Memories can be swept away like sand on the shore, but this bedrock is immovable. Formed in liquid lava and cooled to stone for all time.


We moved back very soon after this incident. Perhaps 1-2 months later. We left several times, but never for very long. Unfortunately.

’66 Chevelle

More from Vol. 2 of Present Tense.


I am 14 or 15 years old. Saturday morning. I’m lying down, but awake. I am in my bedroom with the door closed. There is one loud voice and one scared voice in the next room.
“Where is she?”
He is choking my sister. He is pulling her hair. He is threatening her. He is hurting my sister because my mother isn’t there to hurt.
He leaves her bedroom. I stop moving, thinking, inhaling in the hope that I will not be next. Not quickly enough, I hear the back door bang.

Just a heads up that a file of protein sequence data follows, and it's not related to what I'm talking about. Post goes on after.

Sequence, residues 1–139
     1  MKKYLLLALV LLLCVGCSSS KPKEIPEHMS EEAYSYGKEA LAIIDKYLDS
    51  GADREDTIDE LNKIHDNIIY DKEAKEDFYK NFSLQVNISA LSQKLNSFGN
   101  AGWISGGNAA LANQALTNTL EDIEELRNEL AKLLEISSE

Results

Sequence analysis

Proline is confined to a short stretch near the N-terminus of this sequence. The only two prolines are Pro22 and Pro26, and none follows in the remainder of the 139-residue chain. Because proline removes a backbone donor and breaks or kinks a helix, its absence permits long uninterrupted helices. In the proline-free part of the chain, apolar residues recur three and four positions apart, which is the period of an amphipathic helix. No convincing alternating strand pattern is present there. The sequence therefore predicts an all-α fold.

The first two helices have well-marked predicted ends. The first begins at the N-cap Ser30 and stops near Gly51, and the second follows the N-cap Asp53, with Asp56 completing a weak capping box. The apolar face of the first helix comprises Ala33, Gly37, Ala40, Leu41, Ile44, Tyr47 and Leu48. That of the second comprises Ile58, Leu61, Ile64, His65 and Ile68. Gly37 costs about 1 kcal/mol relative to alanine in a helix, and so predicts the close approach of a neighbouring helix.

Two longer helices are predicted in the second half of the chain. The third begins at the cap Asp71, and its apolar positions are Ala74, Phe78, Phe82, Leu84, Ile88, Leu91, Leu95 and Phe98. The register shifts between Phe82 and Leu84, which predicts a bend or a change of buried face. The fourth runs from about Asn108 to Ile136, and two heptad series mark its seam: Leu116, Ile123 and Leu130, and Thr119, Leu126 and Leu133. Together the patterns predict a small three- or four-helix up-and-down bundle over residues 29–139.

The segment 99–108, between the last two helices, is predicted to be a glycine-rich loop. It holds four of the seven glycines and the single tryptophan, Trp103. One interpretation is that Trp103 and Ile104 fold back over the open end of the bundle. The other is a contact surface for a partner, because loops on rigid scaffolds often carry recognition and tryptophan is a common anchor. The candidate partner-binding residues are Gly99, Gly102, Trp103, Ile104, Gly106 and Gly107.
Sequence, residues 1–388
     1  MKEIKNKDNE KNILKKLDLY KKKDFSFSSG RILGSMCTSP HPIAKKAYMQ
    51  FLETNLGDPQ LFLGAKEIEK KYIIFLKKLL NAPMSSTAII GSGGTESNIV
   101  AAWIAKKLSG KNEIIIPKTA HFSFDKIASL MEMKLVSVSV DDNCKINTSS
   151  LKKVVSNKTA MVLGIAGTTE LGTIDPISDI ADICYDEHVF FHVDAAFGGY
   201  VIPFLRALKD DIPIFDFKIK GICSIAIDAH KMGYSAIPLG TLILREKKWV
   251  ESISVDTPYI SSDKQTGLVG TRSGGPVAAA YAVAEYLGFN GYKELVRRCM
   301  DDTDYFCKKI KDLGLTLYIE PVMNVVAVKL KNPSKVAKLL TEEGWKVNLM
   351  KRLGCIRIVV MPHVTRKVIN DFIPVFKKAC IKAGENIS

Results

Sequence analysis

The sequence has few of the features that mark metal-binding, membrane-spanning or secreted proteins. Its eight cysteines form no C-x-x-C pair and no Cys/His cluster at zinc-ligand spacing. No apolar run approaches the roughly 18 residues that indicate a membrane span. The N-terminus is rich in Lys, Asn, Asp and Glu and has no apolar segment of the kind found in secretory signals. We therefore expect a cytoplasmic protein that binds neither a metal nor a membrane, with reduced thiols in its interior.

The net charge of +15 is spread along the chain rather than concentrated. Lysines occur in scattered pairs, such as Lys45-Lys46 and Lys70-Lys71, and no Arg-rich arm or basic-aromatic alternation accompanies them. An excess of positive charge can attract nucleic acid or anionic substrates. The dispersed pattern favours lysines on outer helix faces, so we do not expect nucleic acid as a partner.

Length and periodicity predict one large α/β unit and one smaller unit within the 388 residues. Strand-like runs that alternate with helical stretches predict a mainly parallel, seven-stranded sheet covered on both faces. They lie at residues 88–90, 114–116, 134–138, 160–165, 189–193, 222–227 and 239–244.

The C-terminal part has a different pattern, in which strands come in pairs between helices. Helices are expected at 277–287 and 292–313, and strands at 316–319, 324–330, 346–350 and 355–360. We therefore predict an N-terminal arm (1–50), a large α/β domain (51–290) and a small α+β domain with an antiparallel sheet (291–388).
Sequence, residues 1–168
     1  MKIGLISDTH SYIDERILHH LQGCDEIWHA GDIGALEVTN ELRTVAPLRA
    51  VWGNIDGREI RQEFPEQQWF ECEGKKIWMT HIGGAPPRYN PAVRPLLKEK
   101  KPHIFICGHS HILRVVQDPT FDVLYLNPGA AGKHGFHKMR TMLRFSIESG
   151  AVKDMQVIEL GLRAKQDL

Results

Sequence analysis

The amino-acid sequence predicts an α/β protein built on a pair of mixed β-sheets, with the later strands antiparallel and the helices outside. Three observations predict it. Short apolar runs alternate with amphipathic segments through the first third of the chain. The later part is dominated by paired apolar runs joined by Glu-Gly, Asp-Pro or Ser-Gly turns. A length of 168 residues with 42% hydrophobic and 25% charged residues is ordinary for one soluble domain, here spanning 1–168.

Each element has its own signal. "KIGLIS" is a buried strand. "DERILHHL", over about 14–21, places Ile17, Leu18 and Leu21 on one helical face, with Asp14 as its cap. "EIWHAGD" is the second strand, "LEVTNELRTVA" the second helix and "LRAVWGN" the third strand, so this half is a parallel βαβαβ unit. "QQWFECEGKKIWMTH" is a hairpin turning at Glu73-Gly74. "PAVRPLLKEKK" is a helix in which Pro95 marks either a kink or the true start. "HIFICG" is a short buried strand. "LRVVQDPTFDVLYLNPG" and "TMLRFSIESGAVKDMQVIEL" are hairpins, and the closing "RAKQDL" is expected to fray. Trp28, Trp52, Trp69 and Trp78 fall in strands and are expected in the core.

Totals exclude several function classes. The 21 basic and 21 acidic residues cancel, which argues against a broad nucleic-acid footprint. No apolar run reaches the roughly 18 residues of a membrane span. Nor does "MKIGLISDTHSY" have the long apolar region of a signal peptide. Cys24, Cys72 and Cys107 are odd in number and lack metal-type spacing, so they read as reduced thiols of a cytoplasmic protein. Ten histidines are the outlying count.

I hear my sister stir. I hear her muffled, wet breaths. She is crying.
I hear my father opening the hood of my sister’s car, the car that she shares with my mother.


’66 Chevelle Malibu. The one with the rusted-out hole in the floor board. The one with white paint and blue vinyl seats. The one with jagged rear window posts that cut your hand when you’re not careful. The one that an old lady drove to church and the store and only had several thousand miles when we bought it almost 20 years after it was made. The classic. The sweet-ass sportster. The muscle car from Malibu. The one that will take a beating.